Building Data-Driven Web Apps with Pyramid and SQLAlchemy Transcripts
Chapter: Modeling data with SQLAlchemy classes
Lecture: Concepts: Modeling
0:00 Before we actually start using SQLAlchemy to insert data and query data and so on, Let's talk about some of the core concepts we've seen
0:08 and some of the fundamental building blocks for modeling with SQLAlchemy. So we started with the SQLAlchemyBase.
0:15 Remember, the idea was every class we're going to store in the database derive from this dynamically defined SQLAlchemyBase class.
0:24 You can call it whatever you want. I like SQLAlchemyBase, but there's other you know, it's just a variable name it as you like.
0:31 So we want to create this singleton base class to register the classes and types that go in the database. Remember, there's one and only one instance
0:39 of this SQLAlchemyBase shared across all of the types per database. So for example, we're going to have a package, a release, and user
0:48 they all derive from this one, and only one SQLAlchemyBase type here. To model data in our classes, we put a bunch of class level fields here:
0:58 ID, summary, size, homepage, and so on. And each one of them is a column. SQLAlchemy.column and they have different types
1:05 like integer, string, and so on. We can see some of them are primary keys and even if it's an integer they can even be auto-incrementing primary keys
1:12 which is really really nice. And we can also have relationships like we do between package and releases. One really nice feature of databases is
1:21 they have default values. We saw with our auto-incrementing ID our primary key we don't have to set it the database does that for us.
1:29 So here we can pass datetime.now the function not the value, the function and then it's going to call that function, now
1:38 whenever a row is created and set that value to be, well, right now. That's super nice. We can also do that up here with more complex expressions.
1:48 So in the bottom one we've literally passed an existing function, datetime.now but above we wanted to define this default behavior in a more rich way.
1:57 So we're passing our very own Lambda expression that takes the uuid for identifier converts it to a string and then drops the dashes
2:04 that normally separate it into just one giant scrambled alphanumeric soup thing. You can create these default values by passing
2:13 any function a built in one or one of your own making. You also want to model keys and indexes. So primary keys automatically have indexes
2:24 we don't have to do anything there. That's got a uniqueness constraint as well as a indexes. This created one maybe we want to sort by the newest users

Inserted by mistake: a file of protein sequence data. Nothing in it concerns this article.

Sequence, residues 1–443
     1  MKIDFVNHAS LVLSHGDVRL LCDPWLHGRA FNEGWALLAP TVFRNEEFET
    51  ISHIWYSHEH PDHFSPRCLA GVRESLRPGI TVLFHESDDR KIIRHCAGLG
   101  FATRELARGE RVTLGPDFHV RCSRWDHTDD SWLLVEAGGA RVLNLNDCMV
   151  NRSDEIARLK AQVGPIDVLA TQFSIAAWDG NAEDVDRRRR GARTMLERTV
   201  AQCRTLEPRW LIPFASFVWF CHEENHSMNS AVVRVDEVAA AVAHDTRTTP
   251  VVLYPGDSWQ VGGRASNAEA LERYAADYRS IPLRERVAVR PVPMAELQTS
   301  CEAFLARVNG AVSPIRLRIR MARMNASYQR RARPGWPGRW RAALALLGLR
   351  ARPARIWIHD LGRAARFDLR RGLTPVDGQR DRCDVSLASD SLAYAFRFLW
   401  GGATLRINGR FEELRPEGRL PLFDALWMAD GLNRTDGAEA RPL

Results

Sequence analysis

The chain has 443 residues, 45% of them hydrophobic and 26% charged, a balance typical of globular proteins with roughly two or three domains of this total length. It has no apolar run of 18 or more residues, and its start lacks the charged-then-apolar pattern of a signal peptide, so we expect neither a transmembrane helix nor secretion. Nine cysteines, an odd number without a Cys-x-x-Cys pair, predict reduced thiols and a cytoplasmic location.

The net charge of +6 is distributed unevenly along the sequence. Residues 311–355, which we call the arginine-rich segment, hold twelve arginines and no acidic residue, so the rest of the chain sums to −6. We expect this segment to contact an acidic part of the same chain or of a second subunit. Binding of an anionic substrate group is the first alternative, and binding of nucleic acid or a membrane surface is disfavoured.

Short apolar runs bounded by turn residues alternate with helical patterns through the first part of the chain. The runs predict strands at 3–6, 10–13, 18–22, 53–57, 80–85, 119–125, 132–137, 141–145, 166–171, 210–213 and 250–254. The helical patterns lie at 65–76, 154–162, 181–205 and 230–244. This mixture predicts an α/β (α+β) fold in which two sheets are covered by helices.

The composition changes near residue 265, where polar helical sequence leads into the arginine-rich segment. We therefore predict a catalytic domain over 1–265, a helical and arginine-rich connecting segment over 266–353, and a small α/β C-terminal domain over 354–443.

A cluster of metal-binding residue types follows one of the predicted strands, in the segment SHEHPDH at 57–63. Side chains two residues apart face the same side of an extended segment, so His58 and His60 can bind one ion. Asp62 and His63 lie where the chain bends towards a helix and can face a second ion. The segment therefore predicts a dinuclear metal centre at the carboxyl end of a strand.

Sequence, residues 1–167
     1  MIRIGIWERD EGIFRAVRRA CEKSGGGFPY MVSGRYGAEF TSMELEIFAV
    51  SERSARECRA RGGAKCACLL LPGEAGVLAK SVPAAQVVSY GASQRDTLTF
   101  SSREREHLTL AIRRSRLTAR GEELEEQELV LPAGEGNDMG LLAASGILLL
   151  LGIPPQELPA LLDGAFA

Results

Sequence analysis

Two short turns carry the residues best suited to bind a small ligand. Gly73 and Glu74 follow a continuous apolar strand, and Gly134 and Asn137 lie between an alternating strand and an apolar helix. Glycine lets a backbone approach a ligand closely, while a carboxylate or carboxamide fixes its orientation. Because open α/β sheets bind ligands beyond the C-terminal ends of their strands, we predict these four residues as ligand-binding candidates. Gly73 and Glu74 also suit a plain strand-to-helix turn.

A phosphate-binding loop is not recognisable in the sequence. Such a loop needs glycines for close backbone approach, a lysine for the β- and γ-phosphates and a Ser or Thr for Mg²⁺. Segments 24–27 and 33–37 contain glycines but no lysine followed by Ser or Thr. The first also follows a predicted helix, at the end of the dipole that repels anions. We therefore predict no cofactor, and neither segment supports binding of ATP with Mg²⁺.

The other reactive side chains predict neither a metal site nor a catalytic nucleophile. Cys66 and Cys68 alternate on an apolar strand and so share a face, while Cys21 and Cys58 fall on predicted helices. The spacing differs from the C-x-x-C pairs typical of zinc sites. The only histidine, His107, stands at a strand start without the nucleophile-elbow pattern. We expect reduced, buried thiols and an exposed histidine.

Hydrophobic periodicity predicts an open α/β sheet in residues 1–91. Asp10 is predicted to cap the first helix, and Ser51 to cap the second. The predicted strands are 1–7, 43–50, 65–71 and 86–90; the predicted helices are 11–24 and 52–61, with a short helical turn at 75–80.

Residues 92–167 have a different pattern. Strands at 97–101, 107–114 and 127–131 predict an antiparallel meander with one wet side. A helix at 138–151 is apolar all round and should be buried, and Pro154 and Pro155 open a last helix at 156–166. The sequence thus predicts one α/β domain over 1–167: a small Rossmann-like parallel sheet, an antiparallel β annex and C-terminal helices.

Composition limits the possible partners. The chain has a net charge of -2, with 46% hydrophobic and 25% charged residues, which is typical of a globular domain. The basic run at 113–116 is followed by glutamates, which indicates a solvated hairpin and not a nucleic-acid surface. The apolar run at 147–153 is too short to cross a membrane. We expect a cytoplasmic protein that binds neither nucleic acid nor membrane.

2:33 for example. Well if we're going to do that we very much want to put an index on that. As I pointed out, indexes can have
2:40 tremendous performance benefits. It's totally reasonable to have a thousand times difference performance in a query if you have tons of data
2:47 on whether you have an index or not. Indexes do slow write time but certainly, in this case the rate of user creation
2:55 versus querying and interacting with them is you know, it's no comparison, right? We're creating far fewer users probably
3:02 than we are querying or interacting with them. We could also specify uniqueness. We didn't do that in our example. We can say this email
3:11 we can't have two users with the same email. You know, emails are very often used to like reset your password. And if you have two users
3:18 who's going to get their password reset? All of 'em? One of 'em? Who knows, none of 'em? So you might want to say there's a uniqueness constraint
3:26 on the email to say "Only one user gets to use particular email" and that's super easy to do by just saying unique equals True.
3:34 Finally, once all of the modeling is done we have to actually create the tables and it turns out that that's super easy. We import all the packages.
3:44 Get the connection string and we create an engine based on the connection string and then we just go to SQLAlchemyBase to it's metadata and say
3:52 create_all and pass the engine. Boom, everything is done. Remember though, this only creates new tables it does not modify existing ones.
4:00 So if you need to modify it wait till we get to the Alembic chapter the migrations chapter or do it yourself.
4:08 Or, you know, if you're just in development mode maybe deleting it and just letting it recreate itself. That might be the easiest thing
4:14 that's what we did.